If someone else’s negligence leaves you injured in an accident, you have suffered damages that you will need to address with the insurance company. While the medical expenses and property damages that you have suffered are concrete and can typically be calculated in a straightforward manner, this is not always the case when it comes to the loss of hours on the job and the loss of wages that often ensues. The loss of income associated with a serious accident is often extensive, and obtaining the compensation to which you are entitled typically demands careful attention to detail.
How an Injury Affects Your Finances
If you have suffered damages as a result of someone else's negligence, you are likely to experience several kinds of financial losses:
- Direct medical expenses that can be calculated from your medical bills
- Ongoing medical expenses that your doctor can help you calculate
- Any property damage, such as damage to your vehicle if it was a car accident
- Lost hours on the job and lost wages
Loss of Income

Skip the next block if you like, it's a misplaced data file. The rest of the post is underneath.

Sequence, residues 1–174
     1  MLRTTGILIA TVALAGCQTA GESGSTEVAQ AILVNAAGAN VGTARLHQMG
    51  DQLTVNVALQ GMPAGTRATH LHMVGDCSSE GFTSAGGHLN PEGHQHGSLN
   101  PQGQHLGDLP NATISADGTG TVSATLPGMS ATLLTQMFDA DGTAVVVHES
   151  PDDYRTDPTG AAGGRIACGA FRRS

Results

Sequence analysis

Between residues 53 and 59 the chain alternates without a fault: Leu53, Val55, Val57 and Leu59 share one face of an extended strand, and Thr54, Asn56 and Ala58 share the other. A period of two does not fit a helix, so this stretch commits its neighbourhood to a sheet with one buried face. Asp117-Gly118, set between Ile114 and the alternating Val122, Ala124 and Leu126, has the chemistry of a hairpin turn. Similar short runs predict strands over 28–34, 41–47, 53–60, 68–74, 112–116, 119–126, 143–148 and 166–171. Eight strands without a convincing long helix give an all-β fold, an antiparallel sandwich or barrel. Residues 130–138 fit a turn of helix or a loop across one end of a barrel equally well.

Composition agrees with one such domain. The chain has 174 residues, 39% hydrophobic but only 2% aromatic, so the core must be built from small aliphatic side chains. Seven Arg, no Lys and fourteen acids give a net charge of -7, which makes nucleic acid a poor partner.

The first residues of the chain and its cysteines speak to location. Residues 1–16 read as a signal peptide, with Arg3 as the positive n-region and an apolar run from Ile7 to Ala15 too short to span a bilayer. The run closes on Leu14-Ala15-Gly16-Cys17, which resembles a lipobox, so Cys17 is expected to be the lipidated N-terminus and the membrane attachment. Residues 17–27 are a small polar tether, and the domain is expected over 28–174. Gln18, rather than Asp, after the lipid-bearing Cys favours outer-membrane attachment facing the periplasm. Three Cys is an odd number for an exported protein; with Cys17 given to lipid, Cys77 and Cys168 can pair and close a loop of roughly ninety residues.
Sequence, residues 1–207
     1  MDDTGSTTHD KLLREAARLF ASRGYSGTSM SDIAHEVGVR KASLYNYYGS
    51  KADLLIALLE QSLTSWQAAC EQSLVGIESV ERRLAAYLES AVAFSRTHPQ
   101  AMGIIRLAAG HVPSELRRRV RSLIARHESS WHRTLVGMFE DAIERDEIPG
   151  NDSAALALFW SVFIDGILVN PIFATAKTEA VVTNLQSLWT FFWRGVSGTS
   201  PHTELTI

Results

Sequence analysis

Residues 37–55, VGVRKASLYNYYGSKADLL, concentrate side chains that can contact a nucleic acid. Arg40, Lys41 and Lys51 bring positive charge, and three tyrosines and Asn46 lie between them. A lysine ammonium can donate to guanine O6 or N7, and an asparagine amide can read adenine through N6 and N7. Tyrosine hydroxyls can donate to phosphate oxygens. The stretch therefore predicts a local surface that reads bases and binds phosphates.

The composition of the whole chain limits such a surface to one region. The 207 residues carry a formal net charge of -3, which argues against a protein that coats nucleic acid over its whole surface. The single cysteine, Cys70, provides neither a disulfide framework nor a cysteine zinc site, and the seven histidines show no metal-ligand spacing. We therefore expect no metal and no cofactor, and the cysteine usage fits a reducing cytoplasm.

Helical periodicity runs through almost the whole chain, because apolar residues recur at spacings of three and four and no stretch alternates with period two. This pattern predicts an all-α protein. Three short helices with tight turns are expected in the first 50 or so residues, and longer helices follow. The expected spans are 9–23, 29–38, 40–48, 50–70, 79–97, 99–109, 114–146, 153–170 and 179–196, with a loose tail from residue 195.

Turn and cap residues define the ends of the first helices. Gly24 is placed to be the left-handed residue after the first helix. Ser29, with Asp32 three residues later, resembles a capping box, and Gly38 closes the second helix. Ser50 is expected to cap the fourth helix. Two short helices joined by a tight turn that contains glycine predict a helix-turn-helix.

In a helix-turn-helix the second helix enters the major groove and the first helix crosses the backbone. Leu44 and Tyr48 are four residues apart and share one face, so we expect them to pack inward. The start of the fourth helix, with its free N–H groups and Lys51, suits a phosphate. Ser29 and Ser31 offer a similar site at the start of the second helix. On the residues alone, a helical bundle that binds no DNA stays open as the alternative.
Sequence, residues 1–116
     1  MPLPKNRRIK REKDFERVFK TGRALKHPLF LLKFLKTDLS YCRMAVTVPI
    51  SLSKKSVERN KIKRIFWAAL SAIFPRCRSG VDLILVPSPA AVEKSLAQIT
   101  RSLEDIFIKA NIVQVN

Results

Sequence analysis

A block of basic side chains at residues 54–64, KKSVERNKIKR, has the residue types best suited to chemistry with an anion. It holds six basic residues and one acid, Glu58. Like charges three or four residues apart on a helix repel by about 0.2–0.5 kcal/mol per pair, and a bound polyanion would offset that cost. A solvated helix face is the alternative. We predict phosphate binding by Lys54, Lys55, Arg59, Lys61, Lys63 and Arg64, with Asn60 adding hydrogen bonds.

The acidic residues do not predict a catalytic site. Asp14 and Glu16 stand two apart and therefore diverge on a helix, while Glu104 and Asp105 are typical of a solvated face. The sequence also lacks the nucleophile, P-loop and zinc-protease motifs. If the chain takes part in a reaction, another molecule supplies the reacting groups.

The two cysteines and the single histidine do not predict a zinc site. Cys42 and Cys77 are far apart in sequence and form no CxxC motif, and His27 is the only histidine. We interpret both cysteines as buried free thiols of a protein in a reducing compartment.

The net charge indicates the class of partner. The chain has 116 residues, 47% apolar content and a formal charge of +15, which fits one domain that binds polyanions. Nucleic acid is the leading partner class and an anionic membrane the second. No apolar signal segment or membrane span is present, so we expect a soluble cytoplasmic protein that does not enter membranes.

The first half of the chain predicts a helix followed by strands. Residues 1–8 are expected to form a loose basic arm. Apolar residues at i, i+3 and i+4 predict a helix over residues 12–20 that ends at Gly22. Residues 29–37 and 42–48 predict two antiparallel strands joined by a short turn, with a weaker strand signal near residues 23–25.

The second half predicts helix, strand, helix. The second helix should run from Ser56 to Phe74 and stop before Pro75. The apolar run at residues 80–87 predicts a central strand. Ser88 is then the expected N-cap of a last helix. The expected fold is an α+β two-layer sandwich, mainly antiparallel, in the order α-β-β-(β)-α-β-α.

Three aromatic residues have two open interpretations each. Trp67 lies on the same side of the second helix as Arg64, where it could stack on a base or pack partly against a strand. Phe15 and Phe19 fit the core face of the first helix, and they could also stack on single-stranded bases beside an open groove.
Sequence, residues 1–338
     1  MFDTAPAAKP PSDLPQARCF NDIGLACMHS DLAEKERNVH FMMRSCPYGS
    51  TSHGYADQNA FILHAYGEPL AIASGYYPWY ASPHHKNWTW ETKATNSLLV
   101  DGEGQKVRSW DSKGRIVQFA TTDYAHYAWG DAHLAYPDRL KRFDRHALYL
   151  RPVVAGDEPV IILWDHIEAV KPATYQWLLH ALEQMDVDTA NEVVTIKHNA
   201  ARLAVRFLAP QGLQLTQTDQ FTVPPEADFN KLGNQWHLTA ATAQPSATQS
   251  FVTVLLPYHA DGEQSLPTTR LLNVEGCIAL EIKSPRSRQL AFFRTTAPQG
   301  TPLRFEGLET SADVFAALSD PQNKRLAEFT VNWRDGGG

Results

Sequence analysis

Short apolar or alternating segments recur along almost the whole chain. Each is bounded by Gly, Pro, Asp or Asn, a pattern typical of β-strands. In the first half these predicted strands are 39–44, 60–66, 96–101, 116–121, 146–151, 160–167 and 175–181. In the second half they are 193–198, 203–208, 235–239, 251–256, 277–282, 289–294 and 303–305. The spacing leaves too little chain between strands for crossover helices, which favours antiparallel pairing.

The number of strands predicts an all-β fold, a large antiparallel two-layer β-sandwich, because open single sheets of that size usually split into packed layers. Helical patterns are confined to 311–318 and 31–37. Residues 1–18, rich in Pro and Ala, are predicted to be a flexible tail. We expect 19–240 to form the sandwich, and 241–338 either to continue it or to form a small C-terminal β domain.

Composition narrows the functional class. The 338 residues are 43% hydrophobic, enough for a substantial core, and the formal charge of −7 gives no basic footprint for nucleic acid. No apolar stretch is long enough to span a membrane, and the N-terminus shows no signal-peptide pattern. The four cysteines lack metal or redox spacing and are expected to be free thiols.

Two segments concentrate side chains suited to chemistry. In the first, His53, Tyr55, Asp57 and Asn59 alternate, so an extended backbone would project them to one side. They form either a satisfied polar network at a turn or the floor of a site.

While medical costs can be immense, the loss of income incurred from lost hours on the job can be even more significant. After an accident, you will probably miss work until you have recovered to the point that you are able to return. If your injuries are serious, however, they could preclude you from returning to work for a lengthy period of time and may stop you from ever returning to work in your former capacity. A serious accident could alter the course of your career and diminish your earning potential over the course of your lifetime.
Calculating Lost Wages
Calculating your lost wages can be complicated, but it is important to create an accurate reflection of your losses in order to obtain the compensation to which you are entitled. It is important to recognize that, as an employee, you were on the path toward developing your career. As such, the wages you would have made three years from now – if you had been able to continue on your career path uninterrupted – would generally be higher than your current wages. It is important to factor in all such nuances when it comes to calculating the loss of income associated with your injuries.
Your calculations should accurately reflect your total loss of income based on how your injury affects your earnings – now and into the future. Every personal injury claim is unique to its own set of circumstances, and it is important to address the specifics of your unique claim directly.